A Canadian court ruling involving Tim Horton’s may be a cautionary tale for Dunkin’ Donuts franchisees. The case was brought by a group of Tim Horton’s franchise owners after they were forced to sell items at below cost and switch to more expensive pre-baked donuts from a supplier affiliated with the franchisor.

Franchise attorney Eric H. Karp of the Boston firm Witmer, Karp, Warner & Ryan, LLP, closely followed this case and kept DDIFO apprised of its developments. After the decision was announced, DDIFO commissioned him to write a comprehensive summary of this ruling.

While it’s unclear if it will affect how Dunkin’ Donuts franchise owners conduct their business, DDIFO believes the ruling is an important development in our business and we urge you to review it carefully.

Tim Horton’s Franchisees’ Class Action Claims Dismissed

By Eric H. Karp and Brigid Harrington, Witmer Karp Warner and Ryan LLP, www.wkwrlaw.com

A recent decision by a Canadian court confirmed that a franchisor may set retail price ceilings that require franchisees to sell certain items below cost, and require franchisees to comply with operational changes that benefit the franchisor at the expense of the franchisee.  In Fairview Donut, Inc. v. TDL Group Corp., a group of Tim Horton’s franchisees brought suit again Tim Horton’s for:

  •  Requiring the franchisees to sell items on Tim Horton’s “Lunch Menu” for less than those items cost the franchisees’ to produce, and
  • Requiring franchisees to go from baking donuts from scratch at their locations to receiving frozen donuts from a supplier at a price fixed by Tim Horton’s.

The franchisees argued that both of these requirements violated Canadian law, which requires that dealings between franchisors and franchisees be commercially reasonable.  The franchisees further argued that both of these provisions unfairly created profits for Tim Horton’s, but resulted in losses and lost profits for the franchisees.  The Court, however, disagreed, and held that Tim Horton’s requirements were commercially reasonable.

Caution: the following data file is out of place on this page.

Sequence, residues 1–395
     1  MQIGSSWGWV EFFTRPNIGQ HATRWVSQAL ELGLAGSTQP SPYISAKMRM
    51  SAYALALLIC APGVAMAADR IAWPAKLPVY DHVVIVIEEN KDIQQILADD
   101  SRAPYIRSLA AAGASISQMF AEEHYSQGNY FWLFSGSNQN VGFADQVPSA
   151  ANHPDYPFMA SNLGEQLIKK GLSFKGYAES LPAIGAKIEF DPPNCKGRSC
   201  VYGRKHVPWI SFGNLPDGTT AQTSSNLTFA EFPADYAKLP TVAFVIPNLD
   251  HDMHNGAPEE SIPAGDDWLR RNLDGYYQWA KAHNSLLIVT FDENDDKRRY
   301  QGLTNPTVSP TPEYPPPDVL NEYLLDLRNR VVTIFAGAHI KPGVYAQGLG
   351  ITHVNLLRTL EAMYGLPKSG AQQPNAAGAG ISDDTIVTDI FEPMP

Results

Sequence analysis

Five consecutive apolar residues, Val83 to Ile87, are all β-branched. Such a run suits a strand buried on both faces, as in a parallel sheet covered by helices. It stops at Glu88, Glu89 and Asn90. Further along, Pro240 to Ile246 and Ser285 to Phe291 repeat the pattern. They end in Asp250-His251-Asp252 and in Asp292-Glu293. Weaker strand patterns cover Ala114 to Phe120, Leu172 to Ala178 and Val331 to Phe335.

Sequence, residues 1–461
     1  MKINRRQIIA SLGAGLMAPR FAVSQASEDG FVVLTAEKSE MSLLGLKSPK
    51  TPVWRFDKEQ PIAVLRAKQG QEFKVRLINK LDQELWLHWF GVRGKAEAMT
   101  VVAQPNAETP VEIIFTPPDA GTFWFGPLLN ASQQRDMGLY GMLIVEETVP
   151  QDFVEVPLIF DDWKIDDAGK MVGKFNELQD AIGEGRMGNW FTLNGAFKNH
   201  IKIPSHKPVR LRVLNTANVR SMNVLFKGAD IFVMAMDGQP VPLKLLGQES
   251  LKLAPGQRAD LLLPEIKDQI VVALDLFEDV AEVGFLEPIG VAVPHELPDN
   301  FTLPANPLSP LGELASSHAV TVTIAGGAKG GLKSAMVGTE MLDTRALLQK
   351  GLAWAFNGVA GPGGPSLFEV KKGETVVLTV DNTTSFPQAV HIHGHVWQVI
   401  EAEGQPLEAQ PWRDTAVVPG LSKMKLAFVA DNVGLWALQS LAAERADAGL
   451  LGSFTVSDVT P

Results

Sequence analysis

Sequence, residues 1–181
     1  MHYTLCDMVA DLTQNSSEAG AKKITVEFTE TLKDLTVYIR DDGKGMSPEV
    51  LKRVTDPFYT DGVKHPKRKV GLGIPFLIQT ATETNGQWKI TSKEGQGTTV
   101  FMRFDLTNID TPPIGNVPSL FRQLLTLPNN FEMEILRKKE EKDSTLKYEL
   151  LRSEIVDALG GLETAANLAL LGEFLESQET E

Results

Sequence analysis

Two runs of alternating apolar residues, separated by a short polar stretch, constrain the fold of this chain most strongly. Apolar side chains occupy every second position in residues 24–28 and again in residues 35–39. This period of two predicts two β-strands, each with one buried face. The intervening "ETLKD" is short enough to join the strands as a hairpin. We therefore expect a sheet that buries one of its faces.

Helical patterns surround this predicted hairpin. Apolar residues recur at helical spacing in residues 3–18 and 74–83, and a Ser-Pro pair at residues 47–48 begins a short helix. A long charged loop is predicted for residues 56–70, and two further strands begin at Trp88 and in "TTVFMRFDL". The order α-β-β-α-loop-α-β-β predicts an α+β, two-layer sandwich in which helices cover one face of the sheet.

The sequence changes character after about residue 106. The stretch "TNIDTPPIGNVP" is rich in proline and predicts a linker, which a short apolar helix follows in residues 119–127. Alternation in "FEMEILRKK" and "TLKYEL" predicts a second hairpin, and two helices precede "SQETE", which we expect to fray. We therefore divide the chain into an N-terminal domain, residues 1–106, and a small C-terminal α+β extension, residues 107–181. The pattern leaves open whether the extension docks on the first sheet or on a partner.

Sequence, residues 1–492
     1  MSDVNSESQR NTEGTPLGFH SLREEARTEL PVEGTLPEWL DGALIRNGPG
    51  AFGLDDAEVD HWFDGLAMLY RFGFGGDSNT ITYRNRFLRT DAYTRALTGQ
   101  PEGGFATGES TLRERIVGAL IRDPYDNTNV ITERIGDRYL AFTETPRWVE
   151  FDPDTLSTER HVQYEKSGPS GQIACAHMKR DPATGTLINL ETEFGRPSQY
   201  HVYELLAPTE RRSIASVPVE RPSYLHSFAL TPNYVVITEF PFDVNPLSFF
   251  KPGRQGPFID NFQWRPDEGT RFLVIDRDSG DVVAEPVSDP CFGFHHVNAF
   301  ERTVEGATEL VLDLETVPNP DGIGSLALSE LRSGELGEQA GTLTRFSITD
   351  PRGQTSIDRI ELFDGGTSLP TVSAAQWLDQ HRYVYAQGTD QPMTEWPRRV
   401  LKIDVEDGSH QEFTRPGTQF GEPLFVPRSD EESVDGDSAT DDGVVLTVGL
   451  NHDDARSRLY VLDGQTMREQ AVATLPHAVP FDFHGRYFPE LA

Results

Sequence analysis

The Mandated Loss Leaders

In finding that the price ceilings set by Tim Horton’s on Lunch Menu items were commercially reasonable, the Ontario Superior Court of Justice focused on the profitability of the franchisees as a whole, rather than the profitability of specific menu items.   The Court noted that the Lunch Menu items required to be sold at a loss represented, at most, 15% of a given franchisee’s business, and that the losses suffered from sale of those items were made up for by profits on other items such as coffee and baked goods.  The Court found that Tim Horton’s strategy of selling Lunch Menu items at a loss was a commercially reasonable attempt at bringing in customers.  The Court did not recognize that, while bringing in more customers benefits Tim Horton’s, who derives royalties from every item sold, it does not necessarily for the franchisees, whose profits are dependent on keeping costs down. To put it another way, franchisors live off the franchisees’ top line while the franchisees live off their bottom line.